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Global Migration Sunday (Dec. 3) shines light on a crisis

October 4, 2017

A woman holds a baby while seated among refugees at a United Methodist church in Jalingo, Nigeria. United Methodist churches in Nigeria served as refugee camps for people displaced after attacks on villages in Lau, a local government area in Taraba State, in early 2017. Photo by the Rev. Ande I. Emmanuel.
A woman holds a baby while seated among refugees at a United Methodist church in Jalingo, Nigeria. United Methodist churches in Nigeria served as refugee camps for people displaced after attacks on villages in Lau, a local government area in Taraba State, in early 2017. Photo by the Rev. Ande I. Emmanuel.

By Julie Dwyer
UMNS

At 10 years old, Edison D. Toe was selling kerosene on the streets in Liberia to provide extra money for his family.

One night, he saw a group fleeing heavy fighting between rebel and government forces in the area. Fearful for his own life, Toe made the difficult decision to join the crowd, leaving his mother and nine siblings behind.

Edison D. Toe fled violence in Liberia at age 10 and spent much of his life in refugee camps. He’s now a Global Mission Fellow with the United Methodist Board of Global Ministries. Photo by Cynthia Mack.
Edison D. Toe fled violence in Liberia at age 10 and spent much of his life in refugee camps. He’s now a Global Mission Fellow with the United Methodist Board of Global Ministries. Photo by Cynthia Mack.

“I was small, but I can still remember how I left my country and became a refugee,” he said of that night nearly 20 years ago. “I was on the streets for two years. I cried many days for food, clothes and shelter. Because of the war, I never enjoyed my childhood.”

Unfortunately, Toe’s situation is not unique. Today, more than 65 million people worldwide have been forcibly displaced from their homes due to conflict, persecution or natural disasters. Over 21 million of those are refugees, more than half of whom are under the age of 18, according to the United Nations Refugee Agency.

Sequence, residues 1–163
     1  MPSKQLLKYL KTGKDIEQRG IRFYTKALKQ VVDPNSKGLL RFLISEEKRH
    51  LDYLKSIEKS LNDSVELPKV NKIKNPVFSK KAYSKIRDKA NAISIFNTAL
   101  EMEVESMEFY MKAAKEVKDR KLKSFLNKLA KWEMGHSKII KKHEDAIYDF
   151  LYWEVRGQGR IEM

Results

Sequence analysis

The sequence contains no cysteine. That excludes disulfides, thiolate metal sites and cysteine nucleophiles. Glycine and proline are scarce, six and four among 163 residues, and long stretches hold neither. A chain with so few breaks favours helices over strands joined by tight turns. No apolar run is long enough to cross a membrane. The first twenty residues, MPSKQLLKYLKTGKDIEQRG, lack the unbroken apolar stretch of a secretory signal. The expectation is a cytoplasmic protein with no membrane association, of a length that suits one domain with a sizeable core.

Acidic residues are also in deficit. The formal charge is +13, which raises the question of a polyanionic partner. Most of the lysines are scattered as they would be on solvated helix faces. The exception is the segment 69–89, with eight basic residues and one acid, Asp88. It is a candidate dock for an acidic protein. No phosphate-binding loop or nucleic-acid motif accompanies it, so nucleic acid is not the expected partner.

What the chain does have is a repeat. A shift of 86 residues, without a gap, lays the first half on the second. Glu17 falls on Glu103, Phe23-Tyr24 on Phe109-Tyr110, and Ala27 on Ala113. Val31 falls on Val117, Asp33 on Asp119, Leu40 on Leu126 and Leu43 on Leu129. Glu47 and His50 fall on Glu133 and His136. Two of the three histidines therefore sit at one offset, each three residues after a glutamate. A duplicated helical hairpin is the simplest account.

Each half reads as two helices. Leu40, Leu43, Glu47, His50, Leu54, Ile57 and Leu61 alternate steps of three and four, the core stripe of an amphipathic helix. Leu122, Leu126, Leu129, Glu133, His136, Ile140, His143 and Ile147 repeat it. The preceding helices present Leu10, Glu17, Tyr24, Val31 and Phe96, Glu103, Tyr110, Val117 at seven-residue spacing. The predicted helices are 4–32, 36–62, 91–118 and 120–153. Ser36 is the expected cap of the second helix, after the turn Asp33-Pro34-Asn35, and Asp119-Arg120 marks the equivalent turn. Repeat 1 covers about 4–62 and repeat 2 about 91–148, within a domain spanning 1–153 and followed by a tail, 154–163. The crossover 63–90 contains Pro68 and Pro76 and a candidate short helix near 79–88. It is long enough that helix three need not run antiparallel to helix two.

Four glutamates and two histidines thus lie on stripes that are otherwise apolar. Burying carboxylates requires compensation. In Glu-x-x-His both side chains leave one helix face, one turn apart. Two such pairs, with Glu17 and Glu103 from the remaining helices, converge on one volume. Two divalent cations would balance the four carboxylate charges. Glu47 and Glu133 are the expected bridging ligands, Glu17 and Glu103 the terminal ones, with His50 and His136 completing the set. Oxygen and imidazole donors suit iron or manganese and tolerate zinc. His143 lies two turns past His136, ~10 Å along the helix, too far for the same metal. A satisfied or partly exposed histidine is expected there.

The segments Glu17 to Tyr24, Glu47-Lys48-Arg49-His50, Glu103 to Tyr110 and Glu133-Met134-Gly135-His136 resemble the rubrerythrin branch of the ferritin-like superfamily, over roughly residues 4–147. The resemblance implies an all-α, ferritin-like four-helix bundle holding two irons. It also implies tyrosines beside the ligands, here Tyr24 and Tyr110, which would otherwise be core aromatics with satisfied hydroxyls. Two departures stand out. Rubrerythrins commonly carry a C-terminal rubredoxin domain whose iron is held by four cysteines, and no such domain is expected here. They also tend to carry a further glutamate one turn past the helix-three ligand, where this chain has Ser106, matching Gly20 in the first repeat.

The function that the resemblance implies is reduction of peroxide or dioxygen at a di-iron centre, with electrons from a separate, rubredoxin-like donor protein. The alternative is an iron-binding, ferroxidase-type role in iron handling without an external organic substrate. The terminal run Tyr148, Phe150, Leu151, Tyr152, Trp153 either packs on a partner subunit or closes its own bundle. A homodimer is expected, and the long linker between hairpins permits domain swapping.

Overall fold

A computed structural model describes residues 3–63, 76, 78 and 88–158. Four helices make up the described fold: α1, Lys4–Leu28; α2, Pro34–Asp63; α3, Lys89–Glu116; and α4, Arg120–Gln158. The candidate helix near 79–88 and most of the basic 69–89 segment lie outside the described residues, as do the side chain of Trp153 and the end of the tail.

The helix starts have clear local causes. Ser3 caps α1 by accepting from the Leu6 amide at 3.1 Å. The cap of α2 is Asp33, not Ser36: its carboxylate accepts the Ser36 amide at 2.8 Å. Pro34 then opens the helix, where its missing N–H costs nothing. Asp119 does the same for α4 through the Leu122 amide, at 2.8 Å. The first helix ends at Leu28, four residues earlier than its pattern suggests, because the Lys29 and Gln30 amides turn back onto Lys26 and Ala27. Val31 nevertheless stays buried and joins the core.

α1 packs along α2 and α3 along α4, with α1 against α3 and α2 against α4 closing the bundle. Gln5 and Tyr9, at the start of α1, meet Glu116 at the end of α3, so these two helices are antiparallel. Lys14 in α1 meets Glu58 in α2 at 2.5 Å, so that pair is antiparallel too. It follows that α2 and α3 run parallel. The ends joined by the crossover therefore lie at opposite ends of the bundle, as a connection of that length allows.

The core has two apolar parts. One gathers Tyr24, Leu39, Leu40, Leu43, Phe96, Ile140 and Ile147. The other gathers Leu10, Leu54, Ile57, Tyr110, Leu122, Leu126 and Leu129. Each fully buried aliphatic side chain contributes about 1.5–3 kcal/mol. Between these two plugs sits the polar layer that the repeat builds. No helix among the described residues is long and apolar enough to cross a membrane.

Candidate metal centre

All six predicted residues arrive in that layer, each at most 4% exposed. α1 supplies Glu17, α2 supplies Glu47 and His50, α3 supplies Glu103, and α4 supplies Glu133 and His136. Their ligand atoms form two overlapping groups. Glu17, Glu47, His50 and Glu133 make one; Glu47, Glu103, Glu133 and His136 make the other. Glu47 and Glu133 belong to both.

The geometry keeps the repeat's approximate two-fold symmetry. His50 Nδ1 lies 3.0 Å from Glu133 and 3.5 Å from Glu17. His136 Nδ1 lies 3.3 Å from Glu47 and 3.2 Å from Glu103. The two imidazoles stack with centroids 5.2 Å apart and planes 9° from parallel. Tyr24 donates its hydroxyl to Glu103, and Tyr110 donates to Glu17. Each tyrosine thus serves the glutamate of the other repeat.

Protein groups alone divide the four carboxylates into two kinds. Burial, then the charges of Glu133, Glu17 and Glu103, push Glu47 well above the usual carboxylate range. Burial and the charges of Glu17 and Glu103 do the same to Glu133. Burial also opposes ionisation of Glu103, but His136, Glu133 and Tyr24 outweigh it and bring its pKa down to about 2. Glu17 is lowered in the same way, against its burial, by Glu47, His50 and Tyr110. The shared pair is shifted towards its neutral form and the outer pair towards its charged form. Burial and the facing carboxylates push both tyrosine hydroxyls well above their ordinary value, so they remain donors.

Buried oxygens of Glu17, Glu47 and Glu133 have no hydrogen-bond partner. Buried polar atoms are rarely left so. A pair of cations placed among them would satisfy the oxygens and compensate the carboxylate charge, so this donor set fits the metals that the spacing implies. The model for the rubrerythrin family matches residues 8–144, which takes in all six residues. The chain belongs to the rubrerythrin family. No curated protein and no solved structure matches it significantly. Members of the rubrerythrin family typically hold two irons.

In response to the global migration crisis, The United Methodist Church has planned a day of prayer and a special offering to raise awareness and funds to aid migrants and refugees.

Global Migration Sunday will be held Dec. 3, the first Sunday of Advent. The offering will go to the denomination’s Global Migration Advance (#3022144), a fund set up in 2014 for donors to designate gifts specifically to support work that alleviates the suffering of migrants. To date, more than $1.4 million has been donated to the fund, assisting more than 46,000 migrants.

Thomas Kemper, top executive of the United Methodist Board of Global Ministries, said the mission of Global Migration Sunday is threefold: Learn, pray and respond. When United Methodist churches around the world come together to raise awareness, pray and support migration ministries through their gifts, he said, they are providing a moment of unity for the whole church.

Global Migration Sunday resources

Global Migration Sunday is a partnership between four general agencies of The United Methodist Church: the Board of Global Ministries, United Methodist Communications, the Board of Church and Society and Discipleship Ministries.

The Upper Room has created a bilingual
devotional booklet that includes
a Prayer of Illumination, available
in English, Arabic, French and Spanish.

Other resources include:

  • Program bulletin inserts
  • Offering talk
  • PowerPoint presentation
  • Videos
  • Social media images
  • Infographic
  • Webinar
  • Web banners for conferences and advertising

The resources are available